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  • Writer's pictureRoland Lucas

Understanding encoding to avoid accidental data loss with Export-CSV and other output cmdlets

This post explores how a nuance with PowerShell encoding can lead to data loss in output files. I’ll explain the problem, provide some background on encoding to show why this happens and then demonstrate how to avoid it.


Context and Problem Demonstration

For a bit of context, I came across this while working on a data restoration script for SharePoint Online where the intent was to restore about 30,000 files. For those of you that have experience with bulk operations in SharePoint, using PowerShell or other third-party applications, you will know that if you submit a lot of requests at a certain point Microsoft will throttle you. This throttling introduces a delay in the execution of your next request and can get pretty long which means your task takes an age to complete. To avoid this, I wanted to split my bulk restore operations into manageable batches that I’d then kick off at a later date, hence I exported the data I needed to CSV so I could import it back again when processing a batch. However, this is where I found my problem with certain special characters…


To demonstrate the problem, we'll use some test data. I’ll create an array, populate it with a couple of entries, each containing a name and an hourly rate, then export it to CSV, nothing too complicated.

Now we’ll take a look at the produced output which is shown below; not quite what we were hoping for! As you can see both the pound symbol (£) and our “a” with a circumflex (â) have been replaced by a “?” in the CSV file. Consequently, our export has lost data with no way to recover what the original characters were. N.B. This also occurs with other special characters.

Screenshot showing CSV output with lost special characters, instead showing as question marks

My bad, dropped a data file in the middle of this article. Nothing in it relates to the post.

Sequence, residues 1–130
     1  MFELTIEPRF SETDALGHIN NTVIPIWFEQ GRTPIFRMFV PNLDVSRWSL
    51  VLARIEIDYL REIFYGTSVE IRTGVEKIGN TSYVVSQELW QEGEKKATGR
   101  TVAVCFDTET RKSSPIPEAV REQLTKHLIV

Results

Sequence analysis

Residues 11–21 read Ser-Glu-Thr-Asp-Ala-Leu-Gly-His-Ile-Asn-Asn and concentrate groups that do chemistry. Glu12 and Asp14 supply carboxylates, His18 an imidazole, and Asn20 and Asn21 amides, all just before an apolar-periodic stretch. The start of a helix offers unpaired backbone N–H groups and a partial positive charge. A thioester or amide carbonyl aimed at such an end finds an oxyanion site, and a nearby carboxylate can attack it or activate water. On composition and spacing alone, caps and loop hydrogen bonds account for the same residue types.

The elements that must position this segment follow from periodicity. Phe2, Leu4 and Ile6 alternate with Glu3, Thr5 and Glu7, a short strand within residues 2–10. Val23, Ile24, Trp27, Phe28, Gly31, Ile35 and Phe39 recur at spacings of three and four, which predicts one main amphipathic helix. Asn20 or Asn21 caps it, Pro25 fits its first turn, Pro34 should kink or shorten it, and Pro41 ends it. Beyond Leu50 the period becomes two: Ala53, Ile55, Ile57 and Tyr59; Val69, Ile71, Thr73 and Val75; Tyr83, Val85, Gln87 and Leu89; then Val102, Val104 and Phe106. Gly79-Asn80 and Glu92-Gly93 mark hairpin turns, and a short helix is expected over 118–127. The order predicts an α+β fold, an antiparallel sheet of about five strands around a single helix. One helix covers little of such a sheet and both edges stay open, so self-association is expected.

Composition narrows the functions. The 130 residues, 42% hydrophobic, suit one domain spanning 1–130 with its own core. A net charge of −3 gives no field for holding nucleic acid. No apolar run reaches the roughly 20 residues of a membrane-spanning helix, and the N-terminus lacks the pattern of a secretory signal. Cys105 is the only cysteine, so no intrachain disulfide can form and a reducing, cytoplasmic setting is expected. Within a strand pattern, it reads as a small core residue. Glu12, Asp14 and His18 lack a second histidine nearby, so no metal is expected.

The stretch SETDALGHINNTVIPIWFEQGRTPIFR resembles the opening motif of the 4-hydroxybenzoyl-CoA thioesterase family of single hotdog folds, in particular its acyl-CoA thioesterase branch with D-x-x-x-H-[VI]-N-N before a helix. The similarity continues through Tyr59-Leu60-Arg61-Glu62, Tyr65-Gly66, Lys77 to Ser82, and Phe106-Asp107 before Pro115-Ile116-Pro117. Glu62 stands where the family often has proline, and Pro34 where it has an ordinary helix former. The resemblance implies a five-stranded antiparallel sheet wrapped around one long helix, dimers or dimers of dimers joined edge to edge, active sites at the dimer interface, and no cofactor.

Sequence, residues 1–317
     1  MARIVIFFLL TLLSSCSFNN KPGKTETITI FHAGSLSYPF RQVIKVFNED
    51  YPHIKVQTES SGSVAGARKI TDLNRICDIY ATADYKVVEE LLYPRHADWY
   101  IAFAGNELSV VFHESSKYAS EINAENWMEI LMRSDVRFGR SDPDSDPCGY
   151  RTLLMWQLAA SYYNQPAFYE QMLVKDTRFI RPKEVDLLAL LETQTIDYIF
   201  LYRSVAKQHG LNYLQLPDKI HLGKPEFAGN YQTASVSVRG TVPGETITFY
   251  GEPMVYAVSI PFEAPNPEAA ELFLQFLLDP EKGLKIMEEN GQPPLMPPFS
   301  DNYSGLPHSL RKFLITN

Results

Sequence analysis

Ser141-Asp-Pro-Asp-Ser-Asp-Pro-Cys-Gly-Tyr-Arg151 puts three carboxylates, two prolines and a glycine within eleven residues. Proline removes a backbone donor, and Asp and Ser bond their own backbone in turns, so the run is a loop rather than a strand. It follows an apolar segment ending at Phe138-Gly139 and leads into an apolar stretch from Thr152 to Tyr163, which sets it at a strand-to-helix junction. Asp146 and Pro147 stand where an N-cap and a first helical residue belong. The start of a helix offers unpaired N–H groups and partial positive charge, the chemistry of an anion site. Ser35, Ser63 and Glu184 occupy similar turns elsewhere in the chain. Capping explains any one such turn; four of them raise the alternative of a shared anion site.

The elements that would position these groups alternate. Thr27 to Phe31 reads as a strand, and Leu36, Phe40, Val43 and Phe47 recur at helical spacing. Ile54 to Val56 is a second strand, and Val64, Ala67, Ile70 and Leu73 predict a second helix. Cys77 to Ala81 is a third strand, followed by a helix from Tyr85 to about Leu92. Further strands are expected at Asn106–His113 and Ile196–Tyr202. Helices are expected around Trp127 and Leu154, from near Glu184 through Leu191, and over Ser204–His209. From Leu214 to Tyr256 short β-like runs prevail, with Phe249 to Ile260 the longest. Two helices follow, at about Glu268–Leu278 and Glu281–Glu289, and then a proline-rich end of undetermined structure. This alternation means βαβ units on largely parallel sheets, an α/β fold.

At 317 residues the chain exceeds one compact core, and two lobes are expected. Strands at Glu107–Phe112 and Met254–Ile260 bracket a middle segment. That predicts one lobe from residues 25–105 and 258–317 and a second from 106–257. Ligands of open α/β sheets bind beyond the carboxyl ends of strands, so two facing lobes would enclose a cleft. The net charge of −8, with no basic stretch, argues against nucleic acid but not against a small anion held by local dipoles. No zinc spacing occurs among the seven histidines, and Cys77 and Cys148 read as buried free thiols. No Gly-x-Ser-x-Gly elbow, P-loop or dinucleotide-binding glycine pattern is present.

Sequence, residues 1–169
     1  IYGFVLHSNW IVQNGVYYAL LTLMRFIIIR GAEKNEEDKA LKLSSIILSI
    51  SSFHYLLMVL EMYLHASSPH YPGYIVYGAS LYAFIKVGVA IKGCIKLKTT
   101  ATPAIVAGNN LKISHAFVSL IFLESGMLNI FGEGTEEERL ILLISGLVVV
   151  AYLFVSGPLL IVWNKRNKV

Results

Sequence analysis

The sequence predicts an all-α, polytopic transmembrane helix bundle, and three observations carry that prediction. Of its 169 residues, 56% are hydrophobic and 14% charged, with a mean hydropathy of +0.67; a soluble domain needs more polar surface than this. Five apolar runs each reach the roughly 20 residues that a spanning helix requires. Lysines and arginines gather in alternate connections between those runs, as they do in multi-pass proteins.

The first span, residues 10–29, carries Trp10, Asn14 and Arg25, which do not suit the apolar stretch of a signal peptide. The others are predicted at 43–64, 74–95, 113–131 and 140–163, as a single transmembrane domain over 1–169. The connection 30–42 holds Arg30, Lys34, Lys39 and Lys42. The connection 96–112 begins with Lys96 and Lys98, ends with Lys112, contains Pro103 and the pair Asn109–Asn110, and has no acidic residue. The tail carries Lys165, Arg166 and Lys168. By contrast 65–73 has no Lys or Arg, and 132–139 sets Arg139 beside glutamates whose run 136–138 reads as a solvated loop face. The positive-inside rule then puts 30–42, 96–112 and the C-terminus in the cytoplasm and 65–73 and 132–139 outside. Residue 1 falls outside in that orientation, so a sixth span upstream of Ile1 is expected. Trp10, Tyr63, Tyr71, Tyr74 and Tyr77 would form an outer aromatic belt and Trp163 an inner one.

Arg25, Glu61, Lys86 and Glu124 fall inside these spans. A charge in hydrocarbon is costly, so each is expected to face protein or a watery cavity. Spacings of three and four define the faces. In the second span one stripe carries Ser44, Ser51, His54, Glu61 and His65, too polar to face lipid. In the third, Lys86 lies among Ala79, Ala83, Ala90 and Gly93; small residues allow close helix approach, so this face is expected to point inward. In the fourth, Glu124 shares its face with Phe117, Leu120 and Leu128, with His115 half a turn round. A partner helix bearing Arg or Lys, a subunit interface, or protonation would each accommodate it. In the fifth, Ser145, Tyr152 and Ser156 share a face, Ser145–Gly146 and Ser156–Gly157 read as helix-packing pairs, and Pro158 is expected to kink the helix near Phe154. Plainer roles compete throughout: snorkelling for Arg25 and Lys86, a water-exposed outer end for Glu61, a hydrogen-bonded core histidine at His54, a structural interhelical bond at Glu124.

So why does this happen?

Well Export-CSV encodes your data as part of the output process and by default it uses a character encoding called UTF8-NoBOM. Using this encoding there aren’t characters that represent these special characters and therefore they are substituted for a question mark.


How do we get around this?

Thankfully, we can specify the encoding we want to use as a parameter of our cmdlet. If we instead use something called UTF8 with BOM (which is confusingly just “UTF8” in PowerShell 5.0+) this will export our characters correctly.

Screenshot showing output file this time with correctly output special characters

N.B. If for some reason you’re running below PowerShell 5.0 the encoding needs to be declared as “utf8BOM” which in my opinion is much clearer!


I’m curious, tell me more about encoding and BOMs!

I will say that while encoding with a BOM solves this problem beware that it can cause issues. Microsoft state: “For best overall compatibility, avoid using BOMs in UTF-8 files. Unix platforms and Unix-heritage utilities also used on Windows Platforms don't support BOM” (source).


What’s a BOM I hear you ask? Well, I can’t say I had a clue before researching it as part of this problem, but it stands for byte-order-mark and is used as a file signature to identify the encoding of a file. This means a program, such as Notepad, can open it with the correct interpretation of the file rather than having to take a guess, which may be incorrect.

How can we check what encoding has been used?

The easiest way, at least for a CSV, is to open the file in Notepad, select save-as and see what the encoding is listed as. Here we can see it is listed as “UTF-8” which while this isn’t explicit, if you click the dropdown, you’ll see there is also a “UTF-8 with BOM” option meaning we can deduce this file has no BOM.

Screenshot showing a CSV file encoding when using the save-as dialog in Notepad

What does a BOM actually look like?

If we look up the hexadecimal representation of the UTF-8 BOM we can see that is “EF- BB-BF”. As I’m an inquisitive person I went about checking that it was present for my own CSV file. The code below imports our CSV encoded in UTF8 with BOM as bytes, then uses a bit converter to convert into Hex.

And here's the output, Voila! The first 3 Hex characters do indeed match the UTF-8 BOM.

Screenshot showing a BOM encoded CSV file as Hex, demonstrating the presence of the BOM

Setting parameters permanently

If you want to set and forget, you can set the default encoding for either a single cmdlet or for all cmdlets as shown below.


Single cmdlet, in this case Export-CSV:

$PSDefaultParameterValues['Export-CSV:Encoding'] = 'utf8'

All cmdlets with the Encoding parameter:

$PSDefaultParameterValues['*:Encoding'] = 'utf8'

Conclusion

In all honesty, I'm not sure how I hadn't stumbled across this problem sooner given how common exporting and importing data is. As warned earlier, do go careful when using BOMs and ensure you plan your data journey to ensure that your output files will be usable from start to finish. Otherwise, I hope this post has been insightful and helps you to avoid the same trouble!

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